26 June 2022

The power of the assembly

Last year, and the year before last, I remember driving to test against  COVID-19.  A drive through motorways and alleyways.  Booked appointments, showing codes, receiving testing kits, performing the test and giving it back. Waiting anxiously for the results, all of them negative at the time.  




Admiring the sheer infrastructure created for testing.  In no time, public venues, mostly car parks, were invaded with trucks and marquees.   Volunteers swarmed.  And here we were, circulating in queues, faces down, sometimes chatty, some other times silent.  Vaccination for me went smoothly.  First time, second time, booster time.  This last one at a church, where the normal assembly was replaced.




The power of assembly.  Our power as communities to come together in times of need.  Or in times of festivity.  A school fayre, a footie tournament, these last two I have just experienced.  At some point in time, if there is any time to bear when the assembly calls us and we are there, things feel quiet.  They feel solemn, they feel slow.  We get there, we take part, we then leave.  




Perhaps we need to cultivate this power bit more.  Now that we are together again, it is time to remember what keeps us together, what binds us together.  A couple of minutes or a couple of hours.  Some sense of communion in between.  A ritual enacted perhaps.  Remembering, evoking, connecting.   




18 June 2022

Before I forget the last two years

 My workplace is moving on as you may have gathered from previous posts.  At a meeting this week I did not recognise half of the people attending.  Most of them joined in the last two years.  And if felt strange in many ways.



As if I was now one of the oldest people who have been away for two years.  Years of rushing to prepare online material in the midst of hot summer and with a view of a pool in the garden, tempting me to jump in and stay and forget about lock downs.


Years of teaching with a mask, almost choking in my first session, not sure how far I could be from the audience and aiming to put a smile.  Quantitative methods teaching with a mask, a challenge, also because it was the first time being in the big auditorium as a lecturer.  And as time went by, I felt more confident.  Letting colleagues carry on.  



Years of being at home and delivering sessions where it felt I was on a radio program.  Not seeing people's faces and assuming they were there.  Struggling to get a response and when it came, feeling elated if not scared.  People were there.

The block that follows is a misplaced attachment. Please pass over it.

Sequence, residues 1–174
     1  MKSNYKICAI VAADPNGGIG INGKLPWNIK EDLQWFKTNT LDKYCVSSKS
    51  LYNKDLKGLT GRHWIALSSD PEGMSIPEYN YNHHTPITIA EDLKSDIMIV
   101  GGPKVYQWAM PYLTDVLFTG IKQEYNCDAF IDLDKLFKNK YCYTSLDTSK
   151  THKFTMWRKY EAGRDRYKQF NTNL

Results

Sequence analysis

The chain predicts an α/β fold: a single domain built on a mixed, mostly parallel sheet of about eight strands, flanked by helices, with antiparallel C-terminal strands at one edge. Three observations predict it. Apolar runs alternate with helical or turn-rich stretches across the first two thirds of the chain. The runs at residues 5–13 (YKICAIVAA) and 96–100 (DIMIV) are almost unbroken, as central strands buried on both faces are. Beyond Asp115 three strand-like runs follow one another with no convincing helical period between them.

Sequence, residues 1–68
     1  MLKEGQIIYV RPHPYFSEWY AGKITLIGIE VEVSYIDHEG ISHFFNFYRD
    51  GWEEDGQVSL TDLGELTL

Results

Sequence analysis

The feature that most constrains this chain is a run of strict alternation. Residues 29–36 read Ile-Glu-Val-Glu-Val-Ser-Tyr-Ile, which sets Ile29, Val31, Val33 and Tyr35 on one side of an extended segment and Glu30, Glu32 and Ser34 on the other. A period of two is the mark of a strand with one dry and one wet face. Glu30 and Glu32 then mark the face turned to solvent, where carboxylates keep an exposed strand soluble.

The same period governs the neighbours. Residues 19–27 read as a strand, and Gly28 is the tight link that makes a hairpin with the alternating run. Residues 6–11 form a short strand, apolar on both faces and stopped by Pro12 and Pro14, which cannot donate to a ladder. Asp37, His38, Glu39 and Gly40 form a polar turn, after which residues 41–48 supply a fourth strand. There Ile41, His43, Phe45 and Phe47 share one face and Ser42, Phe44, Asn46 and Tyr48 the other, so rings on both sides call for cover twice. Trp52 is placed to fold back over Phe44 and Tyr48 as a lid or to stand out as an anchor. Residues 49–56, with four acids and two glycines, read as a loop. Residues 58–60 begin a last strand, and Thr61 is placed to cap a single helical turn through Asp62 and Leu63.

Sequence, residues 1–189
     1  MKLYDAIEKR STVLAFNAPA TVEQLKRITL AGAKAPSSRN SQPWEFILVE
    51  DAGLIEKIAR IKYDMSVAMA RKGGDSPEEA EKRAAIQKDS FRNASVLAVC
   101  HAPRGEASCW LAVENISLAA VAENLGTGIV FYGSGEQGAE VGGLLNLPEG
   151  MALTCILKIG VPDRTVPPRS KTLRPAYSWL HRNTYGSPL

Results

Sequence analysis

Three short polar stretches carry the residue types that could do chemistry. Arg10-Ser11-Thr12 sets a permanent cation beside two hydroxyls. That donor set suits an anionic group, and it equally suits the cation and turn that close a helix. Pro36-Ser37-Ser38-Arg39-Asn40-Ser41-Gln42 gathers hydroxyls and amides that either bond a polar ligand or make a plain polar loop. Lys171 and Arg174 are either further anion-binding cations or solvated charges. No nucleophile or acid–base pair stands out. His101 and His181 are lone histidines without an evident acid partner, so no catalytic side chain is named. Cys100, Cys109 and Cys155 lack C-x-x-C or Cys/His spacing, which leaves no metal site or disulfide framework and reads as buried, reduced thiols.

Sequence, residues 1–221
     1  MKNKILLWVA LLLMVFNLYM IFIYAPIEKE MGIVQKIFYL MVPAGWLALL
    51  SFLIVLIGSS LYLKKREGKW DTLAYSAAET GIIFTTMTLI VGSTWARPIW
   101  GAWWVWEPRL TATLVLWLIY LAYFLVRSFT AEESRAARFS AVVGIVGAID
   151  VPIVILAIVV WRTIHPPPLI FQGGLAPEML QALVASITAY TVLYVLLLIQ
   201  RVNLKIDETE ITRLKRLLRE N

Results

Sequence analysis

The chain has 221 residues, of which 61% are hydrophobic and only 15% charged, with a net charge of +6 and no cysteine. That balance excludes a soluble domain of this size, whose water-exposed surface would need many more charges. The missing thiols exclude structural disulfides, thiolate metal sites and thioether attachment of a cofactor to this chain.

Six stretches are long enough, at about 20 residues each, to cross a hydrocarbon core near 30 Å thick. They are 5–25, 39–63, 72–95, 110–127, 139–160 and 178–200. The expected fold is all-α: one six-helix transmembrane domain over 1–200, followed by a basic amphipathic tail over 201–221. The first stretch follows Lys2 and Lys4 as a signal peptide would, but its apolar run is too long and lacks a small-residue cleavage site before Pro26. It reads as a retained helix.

Years of juggling, children at home and with home work, one of the least pleasant experiences.  How could we replicate their classroom, their teaching methods, whilst attending to other things?  Perhaps I did not have what Mary Catherine Bateson calls peripheral vision, this communicative capacity to jointly improvise and adapt to situations that has at its core the idea that we are fluid selves.  Perhaps as a result I was not self-compassionate enough to lower standards, or if I did, I felt frustration.  




Years of asking if I was or am in the right career.  Reading Sir Ken Robinson's finding your element helped me realise I am good at connecting people with learning opportunities, and having as well as developing original ideas in my teaching as well as in my writing.  




I can, but not fully enjoy writing journal articles, unless I can see how they reflect what I am: someone that likes to promote coexistence even if it often affects me negatively.  Someone that enjoys being alone as well as in the company of just a few.  



And someone that still fears disappointing others.  But I am better at managing this.  The last two years taught me that I can be absent and the world is not going to crumble.  




So before I forget: There is no need to be too worried about what comes next.  Let us keep the worries in check.  And people are there, even if we do not see them.  


11 June 2022

It feels like a new job

 Great writing retreat with colleagues.  Two days of solid writing.  Day walks, chats, decaf tea, sleep and getting lost when jogging.  



Emotionally pleased with myself, also drained.  I wrote in two days what would normally take me a few weeks.  Nature and routine together helped.  My creativity was there since the beginning I think.  Preparing notes, writing them.  It emerged bit more strongly with new stories to tell on the last few minutes of the last session.  Arriving at home I kept writing notes until my brain just shot down and I had a good night's sleep. Thank you creativity for visiting !



Talking to colleagues during the retreat, I realised this feels like a new job despite being at the same university and somehow feeling part of the furniture.  New members of staff, soon to have new line managers and paradoxically we are to return to teach the 'old ways'.  We keep thinking we have not changed either individually or collectively.  The only things that seem to remain standing are those old and well maintained buildings.




Perhaps life sometimes is about staying where you are while other things revolve around.  We sit and wait, we stand up, we walk, we return, and then get visited by creativity.  And when we do so, we somehow have changed.  


Impermanence as the Buddhists would say. 


Inevitably there were times to check email and get frustrated or annoyed.  The world out there kept moving and not in the directions I expected.  That perhaps is also part of retreats.  Back at home now it feels as if it was ok to have gone and come back.  Life is what it is.   What I wrote is just a tiny bit of what life writes in us all, day by day. 


Thank you for a great retreat.